Leishmania major chromosome 3 contains two long convergent polycistronic gene clusters separated by a tRNA gene

E A Worthey, Santiago Martinez-Calvillo, Achim Schnaufer, Gautam Aggarwal, Jason Cawthra, Gholam Fazelinia, Chris Fong, Guoliang Fu, Melissa Hassebrock, Greg Hixson, Alasdair C Ivens, Patti Kiser, Felicia Marsolini, Erika Rickel, Erica Rickell, Reza Salavati, Ellen Sisk, Susan M Sunkin, Kenneth D Stuart, Peter J Myler

Research output: Contribution to journalArticlepeer-review


Leishmania parasites (order Kinetoplastida, family Trypanosomatidae) cause a spectrum of human diseases ranging from asymptomatic to lethal. The approximately 33.6 Mb genome is distributed among 36 chromosome pairs that range in size from approximately 0.3 to 2.8 Mb. The complete nucleotide sequence of Leishmania major Friedlin chromosome 1 revealed 79 protein-coding genes organized into two divergent polycistronic gene clusters with the mRNAs transcribed towards the telomeres. We report here the complete nucleotide sequence of chromosome 3 (384 518 bp) and an analysis revealing 95 putative protein-coding ORFs. The ORFs are primarily organized into two large convergent polycistronic gene clusters (i.e. transcribed from the telomeres). In addition, a single gene at the left end is transcribed divergently towards the telomere, and a tRNA gene separates the two convergent gene clusters. Numerous genes have been identified, including those for metabolic enzymes, kinases, transporters, ribosomal proteins, spliceosome components, helicases, an RNA-binding protein and a DNA primase subunit.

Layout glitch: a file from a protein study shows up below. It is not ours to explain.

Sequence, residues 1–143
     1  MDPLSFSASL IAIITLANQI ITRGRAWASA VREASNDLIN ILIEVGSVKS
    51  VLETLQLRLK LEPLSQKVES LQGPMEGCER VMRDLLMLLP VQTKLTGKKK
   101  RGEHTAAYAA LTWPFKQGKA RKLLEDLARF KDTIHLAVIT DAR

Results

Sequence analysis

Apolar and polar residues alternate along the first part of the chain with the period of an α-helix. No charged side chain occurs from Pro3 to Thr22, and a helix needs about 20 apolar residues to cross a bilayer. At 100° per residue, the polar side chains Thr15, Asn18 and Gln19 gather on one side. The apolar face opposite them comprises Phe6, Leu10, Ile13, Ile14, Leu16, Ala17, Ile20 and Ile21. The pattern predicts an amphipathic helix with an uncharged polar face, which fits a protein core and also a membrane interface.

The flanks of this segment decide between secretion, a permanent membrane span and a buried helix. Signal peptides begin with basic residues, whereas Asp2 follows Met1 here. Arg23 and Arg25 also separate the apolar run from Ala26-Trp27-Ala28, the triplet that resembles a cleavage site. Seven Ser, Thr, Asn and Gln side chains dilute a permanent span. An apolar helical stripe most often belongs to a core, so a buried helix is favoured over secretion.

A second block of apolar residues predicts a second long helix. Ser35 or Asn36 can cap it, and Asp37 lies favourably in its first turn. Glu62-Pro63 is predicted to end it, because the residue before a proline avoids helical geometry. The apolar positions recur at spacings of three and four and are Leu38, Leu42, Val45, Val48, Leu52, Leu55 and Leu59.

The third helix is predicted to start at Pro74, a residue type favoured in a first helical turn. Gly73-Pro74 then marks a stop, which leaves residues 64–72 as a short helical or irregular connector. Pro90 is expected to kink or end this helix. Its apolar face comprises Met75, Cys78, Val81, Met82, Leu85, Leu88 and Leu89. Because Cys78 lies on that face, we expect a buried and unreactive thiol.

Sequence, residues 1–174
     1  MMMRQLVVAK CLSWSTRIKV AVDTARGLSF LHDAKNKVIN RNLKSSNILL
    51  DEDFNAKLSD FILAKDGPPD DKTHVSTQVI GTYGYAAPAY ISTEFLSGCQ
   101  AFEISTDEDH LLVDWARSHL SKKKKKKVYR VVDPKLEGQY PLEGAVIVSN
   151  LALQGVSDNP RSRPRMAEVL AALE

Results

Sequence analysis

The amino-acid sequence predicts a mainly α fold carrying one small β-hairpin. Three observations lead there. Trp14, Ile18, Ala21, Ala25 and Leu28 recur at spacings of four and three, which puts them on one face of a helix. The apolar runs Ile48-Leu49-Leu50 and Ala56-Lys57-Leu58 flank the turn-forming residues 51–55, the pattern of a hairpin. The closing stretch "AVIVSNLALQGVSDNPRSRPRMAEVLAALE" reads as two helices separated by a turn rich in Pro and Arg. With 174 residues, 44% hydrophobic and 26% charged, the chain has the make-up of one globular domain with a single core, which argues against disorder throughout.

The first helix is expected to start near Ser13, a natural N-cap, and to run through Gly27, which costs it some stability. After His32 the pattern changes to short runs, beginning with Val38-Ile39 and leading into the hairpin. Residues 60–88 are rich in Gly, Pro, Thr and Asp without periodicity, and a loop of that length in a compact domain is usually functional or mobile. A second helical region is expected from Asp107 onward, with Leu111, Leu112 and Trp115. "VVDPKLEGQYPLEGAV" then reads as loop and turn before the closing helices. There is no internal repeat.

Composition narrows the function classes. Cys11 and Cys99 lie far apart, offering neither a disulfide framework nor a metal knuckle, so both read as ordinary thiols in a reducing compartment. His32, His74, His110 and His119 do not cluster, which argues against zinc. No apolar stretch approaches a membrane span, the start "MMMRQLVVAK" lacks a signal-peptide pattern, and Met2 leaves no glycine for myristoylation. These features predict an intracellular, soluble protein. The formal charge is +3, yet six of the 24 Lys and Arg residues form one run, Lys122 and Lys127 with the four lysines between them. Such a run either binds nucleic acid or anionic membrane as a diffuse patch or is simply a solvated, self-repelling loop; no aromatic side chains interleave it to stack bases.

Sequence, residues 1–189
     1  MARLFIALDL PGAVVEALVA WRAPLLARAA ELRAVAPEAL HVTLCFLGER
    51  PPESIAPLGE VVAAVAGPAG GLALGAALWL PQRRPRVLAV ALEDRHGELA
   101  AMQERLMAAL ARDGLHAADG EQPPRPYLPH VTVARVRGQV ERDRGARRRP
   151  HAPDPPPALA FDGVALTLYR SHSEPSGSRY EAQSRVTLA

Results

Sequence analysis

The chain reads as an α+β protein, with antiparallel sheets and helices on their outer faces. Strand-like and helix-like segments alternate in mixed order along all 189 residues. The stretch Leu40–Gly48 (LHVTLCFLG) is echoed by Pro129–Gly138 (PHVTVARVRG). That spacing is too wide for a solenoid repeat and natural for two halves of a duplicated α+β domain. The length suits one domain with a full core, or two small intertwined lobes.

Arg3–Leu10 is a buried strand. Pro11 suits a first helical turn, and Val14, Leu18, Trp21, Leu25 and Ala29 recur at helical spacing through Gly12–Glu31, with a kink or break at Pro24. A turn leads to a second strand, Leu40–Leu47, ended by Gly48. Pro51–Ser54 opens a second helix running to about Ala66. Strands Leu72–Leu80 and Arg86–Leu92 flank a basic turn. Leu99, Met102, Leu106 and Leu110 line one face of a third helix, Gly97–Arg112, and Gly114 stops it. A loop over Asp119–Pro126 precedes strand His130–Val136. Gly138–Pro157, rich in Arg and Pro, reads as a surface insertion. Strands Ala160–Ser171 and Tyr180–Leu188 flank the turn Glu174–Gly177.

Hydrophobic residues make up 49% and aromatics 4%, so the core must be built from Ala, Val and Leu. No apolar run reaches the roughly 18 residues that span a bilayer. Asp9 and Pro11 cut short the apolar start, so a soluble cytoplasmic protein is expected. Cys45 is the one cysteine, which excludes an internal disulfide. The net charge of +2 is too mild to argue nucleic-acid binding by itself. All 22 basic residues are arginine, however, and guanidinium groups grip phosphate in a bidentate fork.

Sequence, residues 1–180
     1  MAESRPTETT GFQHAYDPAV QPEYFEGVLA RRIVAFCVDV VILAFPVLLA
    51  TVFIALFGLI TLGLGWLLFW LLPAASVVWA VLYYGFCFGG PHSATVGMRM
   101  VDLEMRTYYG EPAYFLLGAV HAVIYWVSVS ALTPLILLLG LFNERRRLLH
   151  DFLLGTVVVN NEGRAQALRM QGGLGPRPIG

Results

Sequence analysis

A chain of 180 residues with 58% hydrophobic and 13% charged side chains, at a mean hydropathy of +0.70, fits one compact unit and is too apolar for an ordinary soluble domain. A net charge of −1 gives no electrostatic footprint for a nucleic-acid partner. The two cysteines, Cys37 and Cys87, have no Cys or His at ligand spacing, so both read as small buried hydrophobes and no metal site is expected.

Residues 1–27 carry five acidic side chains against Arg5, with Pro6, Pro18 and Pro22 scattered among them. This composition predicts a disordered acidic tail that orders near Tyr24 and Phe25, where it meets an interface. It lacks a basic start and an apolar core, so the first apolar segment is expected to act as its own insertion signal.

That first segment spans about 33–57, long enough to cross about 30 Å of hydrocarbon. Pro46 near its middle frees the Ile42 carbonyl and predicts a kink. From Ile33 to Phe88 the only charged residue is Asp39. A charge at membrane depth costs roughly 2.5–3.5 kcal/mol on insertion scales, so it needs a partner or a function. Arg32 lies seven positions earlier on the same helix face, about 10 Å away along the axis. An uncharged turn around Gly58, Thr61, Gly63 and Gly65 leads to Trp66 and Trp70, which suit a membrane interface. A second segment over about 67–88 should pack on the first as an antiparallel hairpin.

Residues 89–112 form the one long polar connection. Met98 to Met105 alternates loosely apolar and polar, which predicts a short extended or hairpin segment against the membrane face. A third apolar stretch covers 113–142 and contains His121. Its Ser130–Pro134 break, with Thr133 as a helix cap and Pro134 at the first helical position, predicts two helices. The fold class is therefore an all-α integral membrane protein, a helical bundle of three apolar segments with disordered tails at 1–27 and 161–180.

Original languageEnglish
Pages (from-to)4201-10
Number of pages10
JournalNucleic Acids Research
Issue number14
Publication statusPublished - 2003


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